Bureaucracy Rewards Doctor’s Dedication With a Penny

To The Editor:

  I was deeply impressed and moved by Dr. Gary Kohl’s story, “Duty to Warn: How Big Business Runs the Healthcare Industry,” in the October 2018 issue of Westview News. My father was an internist from Germany who lived in the USA for 54 years, had an office in New Jersey as a General Practitioner and treated his patients with great care and attention. Although I do recall being the happy recipient of the endless trinkets, pencils, pens, erasers, writing pads, giant gold paperclips etc. that came in endless volume from the drug companies to Dad’s office, promoting Xanax and whatever other expensive pill they were selling, what I remember most is how much I admired my Dad and how proud I was of his being a good doctor.

   He told me that when a patient came into his waiting room he had to consider that some cases would be matters of life and death. He made house calls to dangerous areas of Newark during the riots as well as any neighboring town to Springfield where we lived throughout his life in the States, even after he retired from his office. He diagnosed everything from Mad Cow Disease to cancer to dementia to pulmonary embolism to psychosomatic illness and much more. His stories amazed me. He had a daily walk-in policy in his office. If you were sick, you were invited to come in and wait in the waiting room without appointment—he would promise to see you that day. As he got older, he treated many seniors and claimed more and more that he specialized in geriatrics because most of the elderly patients he knew couldn’t afford to go to other doctors or they needed to see one immediately. He was the only one who would take everyone at short notice. He saw patients of every color, class, race and educational level and he made an effort to educate everyone. He complained bitterly about the problems his patients had with Medicare and Medicaid and what ineffective systems they were.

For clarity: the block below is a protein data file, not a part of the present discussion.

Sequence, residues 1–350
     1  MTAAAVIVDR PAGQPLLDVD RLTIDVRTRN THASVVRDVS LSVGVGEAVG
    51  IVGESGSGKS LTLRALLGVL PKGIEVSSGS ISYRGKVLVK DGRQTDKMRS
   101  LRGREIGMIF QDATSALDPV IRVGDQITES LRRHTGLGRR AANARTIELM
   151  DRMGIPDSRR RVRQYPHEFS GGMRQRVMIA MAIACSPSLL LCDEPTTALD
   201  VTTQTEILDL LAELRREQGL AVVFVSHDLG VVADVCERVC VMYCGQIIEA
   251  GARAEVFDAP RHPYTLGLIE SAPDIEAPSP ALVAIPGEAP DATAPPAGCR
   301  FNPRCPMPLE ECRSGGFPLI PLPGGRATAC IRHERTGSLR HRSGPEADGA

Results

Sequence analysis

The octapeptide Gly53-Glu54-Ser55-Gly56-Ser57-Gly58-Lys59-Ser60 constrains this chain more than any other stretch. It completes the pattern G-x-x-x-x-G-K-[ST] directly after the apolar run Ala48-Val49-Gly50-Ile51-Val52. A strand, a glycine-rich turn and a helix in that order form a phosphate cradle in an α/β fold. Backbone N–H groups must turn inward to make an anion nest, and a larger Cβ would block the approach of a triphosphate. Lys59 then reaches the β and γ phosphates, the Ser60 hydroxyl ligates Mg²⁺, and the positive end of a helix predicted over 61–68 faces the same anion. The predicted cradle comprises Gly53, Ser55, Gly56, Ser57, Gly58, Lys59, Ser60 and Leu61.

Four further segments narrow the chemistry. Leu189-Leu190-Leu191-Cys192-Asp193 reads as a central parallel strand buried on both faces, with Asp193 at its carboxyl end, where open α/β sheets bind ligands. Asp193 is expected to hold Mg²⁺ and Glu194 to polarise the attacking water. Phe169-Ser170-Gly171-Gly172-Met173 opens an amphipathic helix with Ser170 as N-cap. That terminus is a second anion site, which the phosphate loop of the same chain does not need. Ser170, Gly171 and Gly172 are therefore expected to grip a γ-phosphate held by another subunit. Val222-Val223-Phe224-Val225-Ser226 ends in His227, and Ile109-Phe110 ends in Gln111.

One day he announced to our family that Medicare had sent him a check for one cent. He talked about it for days and eventually framed it and hung it on a wall of his office. He wrote letters to the President of the United States beseeching him to improve the system. In some cases they were letters of criticism and outrage. Eventually, he became so fed up with how unfairly his patients were treated that he retired at age 73, unwilling to compromise to what he saw was a corrupt and uncaring system. Sadly, dementia claimed him and his brilliant mind in the 2000’s. To my horror, I read the contraindications on the medications that could cause dementia, the same pills his GP told me he had to take —what if he stopped taking them and he had a stroke? Could he function properly without psychotropic medications? Since his drawn-out decline and death in 2014 I’ve reflected on the things Dad shared with me…I shuddered realizing that the situation continued to worsen reading Dr. Kohl’s article. But I am heartened knowing Dr. Kohl exists and that there are people like him who will speak out and write in detail to educate others. This provides a window to hope and change, something my dad insisted we all had to be part of…or no change would ever happen.

   My compliments to you all,
Hannah Reimann

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